DOJ affirms junking of rape raps vs Vhong Navarro
The Department of Justice (DOJ) has affirmed its decision clearing television host and actor Ferdinand “Vhong” Navarro from rape complaint filed by model Deniece Cornejo.
In a 20-page resolution dated April 30, the DOJ denied the petition for review filed by Cornejo that sought a reversal of the DOJ’s Sept. 6, 2017, which stated that there is not enough evidence to charge Navarro in court.
Cornejo accused Navarro of two counts of rape by sexual intercourse and by sexual assault.
The DOJ, in its September, 2017 ruling said Cornejo’s version of the incident that took place on Jan. 17, and 22, 2014, “suffers from a very serious credibility issue.”
The DOJ noted that Cornejo filed two other complaints against Navarro on the same incident. However, Cornejo “changed her story each time.”
On her first complaint, Cornejo said Navarro pinned her down, touched her private parts but when he was about to rape her, her friends arrived at her condominium unit.
Then, on her second complaint involving the same date—Jan. 22, 2014—Cornejo accused Navarro of rape. She said she was drugged so that Navarro had managed to rape her.
Both of her first and second complaints have been dismissed.
On her third complaint, Cornejo said when she gave the actor permission to visit her at her condominium unit on Jan. 17, 2014, she invited her friend to stay by her side. She said Navarro arrived carrying a bottle of wine. Cornejo said when her friend called that she cannot make it, she asked Navarro to leave. However, she felt dizzy from the wine and her legs and arms became weak.
Then, on Jan. 22, 2014, she said Navarro messaged her saying he wanted to come to her place to apologize. She said she agreed but called her other friends, the group of businessman Cedric Lee.
The DOJ, in its resolution said Cornejo tried to offer an explanation on her inconsistent testimonies. She said she was “confused and traumatized” that she “mindlessly” signed her first complaint-affidavit.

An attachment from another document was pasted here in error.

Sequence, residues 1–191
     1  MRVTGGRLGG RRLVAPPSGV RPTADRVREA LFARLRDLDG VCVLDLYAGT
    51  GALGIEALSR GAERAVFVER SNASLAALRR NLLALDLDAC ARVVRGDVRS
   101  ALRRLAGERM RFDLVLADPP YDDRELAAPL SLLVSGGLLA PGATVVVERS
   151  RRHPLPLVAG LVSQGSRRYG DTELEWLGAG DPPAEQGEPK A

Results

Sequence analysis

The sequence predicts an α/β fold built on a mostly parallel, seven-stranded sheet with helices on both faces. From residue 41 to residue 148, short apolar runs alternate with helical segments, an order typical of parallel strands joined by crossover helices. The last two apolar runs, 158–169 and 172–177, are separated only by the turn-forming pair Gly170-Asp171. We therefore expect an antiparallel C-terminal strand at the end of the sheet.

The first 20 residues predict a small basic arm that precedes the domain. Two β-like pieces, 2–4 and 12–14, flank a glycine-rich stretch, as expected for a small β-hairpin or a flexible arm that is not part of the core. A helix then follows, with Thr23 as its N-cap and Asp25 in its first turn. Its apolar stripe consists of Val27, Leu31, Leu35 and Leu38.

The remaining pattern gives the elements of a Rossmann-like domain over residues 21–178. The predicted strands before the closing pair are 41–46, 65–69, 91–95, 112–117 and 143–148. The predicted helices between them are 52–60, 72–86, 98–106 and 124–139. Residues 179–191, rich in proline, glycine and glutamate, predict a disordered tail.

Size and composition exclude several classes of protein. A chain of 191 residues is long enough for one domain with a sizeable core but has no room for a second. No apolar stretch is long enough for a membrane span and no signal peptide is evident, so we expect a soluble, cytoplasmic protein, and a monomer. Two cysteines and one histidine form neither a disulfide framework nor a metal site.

But the DOJ, in its recent resolution said Cornejo’s explanation is a “sorry excuse.”
“Her claim that she was confused and traumatized as to mindlessly sign her first complaint-affidavit prepared by her lawyer is a sorry excuse. Based on her own allegations, she had friends to support her during her ordeal. Better, she had a lawyer. She could ot have been a helpless child under the circumstances,” the DOJ said in its ruling.
“In this regard, complainant-appellant’s offer of explanation, unfortunately for her, reveals more incredulity on her part than the veracity of her allegations. What the explanation clarified more is her incredulousness,” read the resolution.
“It is unwise and decadent to ignore the previous dismissals of the complaint and the factual findings therein, especially when much time, effort, and resources had been expended to arrive at those resolutions,” the DOJ explained.
“If the factual findings in the previous resolutions still hold true, then there is no impediment to apply them again in the present complaint. That is not iniquitous and unprocedural. That is judicious and practical,” it added.
The DOJ said they will not reverse their earlier ruling “on the basis of her [Cornejo’s] suspiciously convenient and naive explanation that it was her involuntary fault that she put on record the Jan. 17, 2014 rape too late, much too late.”
“The fact that she did so only after the dismissal of her first complaint…Her explanation either proceeds from afterthought or bad faith,” said the DOJ.
“Based on the foregoing, there being no sufficient evidence to warrant respondent’s [Navarro] indictment for rape and attempted rape, there is no compulsion to indict him accordingly,” read the resolution.With a report from Alyssa Javier/INQUIRER.net intern/jpv
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